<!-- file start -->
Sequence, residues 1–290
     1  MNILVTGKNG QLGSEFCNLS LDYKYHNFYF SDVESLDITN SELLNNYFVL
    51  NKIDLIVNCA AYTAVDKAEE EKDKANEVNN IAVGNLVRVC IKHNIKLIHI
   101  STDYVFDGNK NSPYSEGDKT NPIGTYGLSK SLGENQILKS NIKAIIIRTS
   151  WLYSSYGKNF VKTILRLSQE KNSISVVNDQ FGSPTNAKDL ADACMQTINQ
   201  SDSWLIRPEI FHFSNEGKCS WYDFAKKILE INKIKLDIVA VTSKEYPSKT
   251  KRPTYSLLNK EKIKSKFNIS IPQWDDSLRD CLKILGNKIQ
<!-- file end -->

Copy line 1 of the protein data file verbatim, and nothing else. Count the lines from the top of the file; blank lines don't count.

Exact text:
Sequence, residues 1–290